But to the larger point: why is it that Facebook has to hang these flyers throughout the campus to get employees to test Android builds? Josh sort of leads it in the way that Facebook itself pushed iPhones ahead of Android phones early on, but I’m not sure I’m buying that. I know a lot of folks who work at a lot of different companies in the Bay Area. Aside from the ones that work at Google (and including a surprising number of the people there) almost all seem to use iPhones as their primary device.
This strikes me as problematic for Android. Winning on the cost front is one factor, no doubt. But to win the most savvy users — including, most importantly, developers — you need to be the best overall. Android still has yet to prove it can yield that device. That’s why you still see such problems at Facebook and elsewhere. Most of their users may be on Android, but most of their employees making the product are not.
A recent post on Daring Fireball, the popular website of Apple enthusiast John Gruber, made me think. Gruber sees the ubiquitous iPhone Twitter client as a “UI Playground”. A place of adventure where, due to the simple nature of Twitter and well known feature set, developers can get creative and really think about how they can make a difference. Stamp their mark. Show off their chops.
I think it goes further than this. Much further.
In fact, iOS itself is the playground. This might fly in the face of the so called anti-skeumorphic brigade, the self proclaimed expert designers mired in yesterday’s desktop* thoughts of a standard computer system user interface. The thought pattern is that smartphones & tablets are computers. Computers run programs. Ergo, once the user (eventually) understands the way to use this powerful computer then everything falls into place.
These folk believe that because we are in fact interacting with a computer system everything on it should feel like a computer system. There is a single divine way in which mere humans must interact with these marvels of technology. This is no place for emotion. It must be standardised else people may forget they are using this sophisticated piece of magnificence.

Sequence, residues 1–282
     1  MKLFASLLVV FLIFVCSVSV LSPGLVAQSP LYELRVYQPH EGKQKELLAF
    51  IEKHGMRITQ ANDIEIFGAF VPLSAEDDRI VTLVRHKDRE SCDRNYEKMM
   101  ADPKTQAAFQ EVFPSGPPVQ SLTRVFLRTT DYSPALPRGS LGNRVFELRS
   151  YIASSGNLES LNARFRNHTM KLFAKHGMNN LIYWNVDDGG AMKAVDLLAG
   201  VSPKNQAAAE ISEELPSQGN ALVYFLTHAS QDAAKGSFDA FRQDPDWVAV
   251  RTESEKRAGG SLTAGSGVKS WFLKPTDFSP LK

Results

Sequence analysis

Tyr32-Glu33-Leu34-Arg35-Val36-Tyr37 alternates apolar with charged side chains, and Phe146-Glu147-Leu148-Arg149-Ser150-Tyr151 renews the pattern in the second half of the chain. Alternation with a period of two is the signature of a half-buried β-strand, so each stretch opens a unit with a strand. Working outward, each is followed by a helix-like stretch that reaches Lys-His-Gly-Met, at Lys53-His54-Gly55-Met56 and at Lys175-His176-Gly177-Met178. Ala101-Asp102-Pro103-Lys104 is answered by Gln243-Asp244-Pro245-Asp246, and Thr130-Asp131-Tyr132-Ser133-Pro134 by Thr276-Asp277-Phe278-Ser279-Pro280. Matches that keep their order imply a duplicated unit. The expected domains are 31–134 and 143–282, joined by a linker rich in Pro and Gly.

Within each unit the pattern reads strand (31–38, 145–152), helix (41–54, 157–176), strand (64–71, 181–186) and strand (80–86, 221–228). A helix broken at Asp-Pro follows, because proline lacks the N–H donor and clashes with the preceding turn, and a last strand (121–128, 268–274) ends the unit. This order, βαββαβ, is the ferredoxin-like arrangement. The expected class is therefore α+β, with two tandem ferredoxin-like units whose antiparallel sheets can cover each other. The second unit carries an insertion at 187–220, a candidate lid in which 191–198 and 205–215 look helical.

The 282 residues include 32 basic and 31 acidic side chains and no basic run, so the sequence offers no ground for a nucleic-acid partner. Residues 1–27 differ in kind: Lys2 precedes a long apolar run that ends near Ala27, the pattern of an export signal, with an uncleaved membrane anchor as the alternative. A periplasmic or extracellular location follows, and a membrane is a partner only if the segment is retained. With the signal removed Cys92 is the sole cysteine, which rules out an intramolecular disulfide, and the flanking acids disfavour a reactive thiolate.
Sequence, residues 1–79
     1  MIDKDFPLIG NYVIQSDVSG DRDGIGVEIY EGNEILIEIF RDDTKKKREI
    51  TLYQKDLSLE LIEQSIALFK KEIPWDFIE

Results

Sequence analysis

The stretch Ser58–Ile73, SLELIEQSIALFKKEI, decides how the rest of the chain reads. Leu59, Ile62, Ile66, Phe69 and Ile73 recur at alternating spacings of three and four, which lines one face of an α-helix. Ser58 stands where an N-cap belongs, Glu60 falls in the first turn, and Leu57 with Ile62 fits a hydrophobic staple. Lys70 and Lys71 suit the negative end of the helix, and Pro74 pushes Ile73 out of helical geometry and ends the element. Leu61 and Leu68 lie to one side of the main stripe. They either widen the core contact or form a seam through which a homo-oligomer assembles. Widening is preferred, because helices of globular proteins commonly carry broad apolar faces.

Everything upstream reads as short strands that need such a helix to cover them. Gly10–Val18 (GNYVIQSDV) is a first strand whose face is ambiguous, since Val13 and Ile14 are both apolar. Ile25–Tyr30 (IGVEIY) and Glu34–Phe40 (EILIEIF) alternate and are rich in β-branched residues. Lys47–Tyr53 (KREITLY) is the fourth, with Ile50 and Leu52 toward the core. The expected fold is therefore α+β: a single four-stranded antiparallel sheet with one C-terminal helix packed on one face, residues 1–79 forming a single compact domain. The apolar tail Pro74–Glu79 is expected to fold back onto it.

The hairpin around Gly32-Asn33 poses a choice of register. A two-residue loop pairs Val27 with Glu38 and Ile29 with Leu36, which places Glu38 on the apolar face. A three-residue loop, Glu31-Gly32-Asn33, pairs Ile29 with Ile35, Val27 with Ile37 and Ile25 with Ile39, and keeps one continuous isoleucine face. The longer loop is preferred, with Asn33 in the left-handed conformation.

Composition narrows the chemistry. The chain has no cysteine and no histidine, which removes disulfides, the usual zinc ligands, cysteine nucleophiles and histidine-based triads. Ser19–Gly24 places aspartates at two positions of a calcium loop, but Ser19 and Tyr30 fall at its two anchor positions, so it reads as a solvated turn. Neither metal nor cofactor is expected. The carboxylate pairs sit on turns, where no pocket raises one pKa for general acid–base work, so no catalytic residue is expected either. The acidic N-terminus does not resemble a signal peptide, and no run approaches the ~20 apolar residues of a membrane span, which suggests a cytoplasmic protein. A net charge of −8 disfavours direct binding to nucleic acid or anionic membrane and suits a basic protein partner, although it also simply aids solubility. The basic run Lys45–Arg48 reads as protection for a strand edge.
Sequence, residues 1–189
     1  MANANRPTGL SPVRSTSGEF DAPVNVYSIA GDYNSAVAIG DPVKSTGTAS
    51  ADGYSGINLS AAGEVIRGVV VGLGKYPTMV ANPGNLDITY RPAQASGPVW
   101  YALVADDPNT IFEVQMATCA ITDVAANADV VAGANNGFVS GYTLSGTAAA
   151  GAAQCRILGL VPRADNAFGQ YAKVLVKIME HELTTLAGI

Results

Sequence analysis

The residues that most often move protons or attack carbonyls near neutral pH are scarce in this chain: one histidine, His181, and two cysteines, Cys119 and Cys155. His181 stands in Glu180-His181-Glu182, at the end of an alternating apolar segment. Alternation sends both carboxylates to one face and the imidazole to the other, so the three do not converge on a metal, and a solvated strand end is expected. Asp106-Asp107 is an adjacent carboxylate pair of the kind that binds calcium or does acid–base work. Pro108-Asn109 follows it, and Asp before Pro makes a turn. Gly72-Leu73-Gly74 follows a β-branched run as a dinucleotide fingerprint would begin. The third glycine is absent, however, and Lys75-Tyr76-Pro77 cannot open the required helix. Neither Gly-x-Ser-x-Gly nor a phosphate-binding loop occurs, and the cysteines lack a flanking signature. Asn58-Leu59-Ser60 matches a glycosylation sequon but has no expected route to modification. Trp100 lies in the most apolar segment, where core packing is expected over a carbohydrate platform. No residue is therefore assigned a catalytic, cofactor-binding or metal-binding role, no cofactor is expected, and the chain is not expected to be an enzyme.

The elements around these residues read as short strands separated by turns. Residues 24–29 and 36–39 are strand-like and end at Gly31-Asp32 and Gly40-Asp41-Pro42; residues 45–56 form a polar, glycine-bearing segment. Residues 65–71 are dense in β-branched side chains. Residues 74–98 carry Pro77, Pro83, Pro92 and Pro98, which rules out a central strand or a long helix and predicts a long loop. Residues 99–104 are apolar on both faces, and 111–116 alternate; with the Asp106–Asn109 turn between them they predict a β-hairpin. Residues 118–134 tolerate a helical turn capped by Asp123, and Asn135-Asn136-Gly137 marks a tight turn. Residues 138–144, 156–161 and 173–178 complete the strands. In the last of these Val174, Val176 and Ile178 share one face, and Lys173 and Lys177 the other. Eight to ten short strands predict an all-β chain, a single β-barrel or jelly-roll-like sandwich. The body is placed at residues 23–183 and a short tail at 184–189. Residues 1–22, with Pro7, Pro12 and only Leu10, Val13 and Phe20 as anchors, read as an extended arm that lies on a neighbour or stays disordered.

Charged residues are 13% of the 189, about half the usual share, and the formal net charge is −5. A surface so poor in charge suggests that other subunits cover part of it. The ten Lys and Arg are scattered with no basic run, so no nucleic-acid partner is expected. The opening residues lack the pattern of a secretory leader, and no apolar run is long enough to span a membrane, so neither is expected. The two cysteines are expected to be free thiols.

I think there is a problem with this thought process. A big problem. It comes from a desktop mentality where the world is the computer. Within this world, applications co-exist side by side in a multi windowed environment driven by strict relatively inflexible instruments such as a keyboard and mouse.
Mobile however requires a different way of thinking. Step one to redemption is to get up from the desk. Then look at the world and ask if everything is driven with a common world interaction interface? No. You see, mobile devices aren’t just used at a desk. They are carried into the world that exists away from a desk. They are carried into your life. You don’t interact with the mobile device, it becomes a part of you.
Perhaps these type of people would have a common colour scheme on everything around us. How dare a notepad be anything other than white. Why does that calendar have a photo on it? Why is that lounge suite not grey velour? Why does your Aston Martin have hand stitched leather?
It is very much a case of web designers and desktop specialists trying to dictate their experiences on mobile. Having spent the past 19 years working with mobile and also having great success in the pre iPhone era, I was constantly surrounded by news of other failed mobile projects, I can tell you that a key reason for failure was the use of desktop principles and design. One size fits all might work at a desk, but not so well away from one.
So, back to iOS.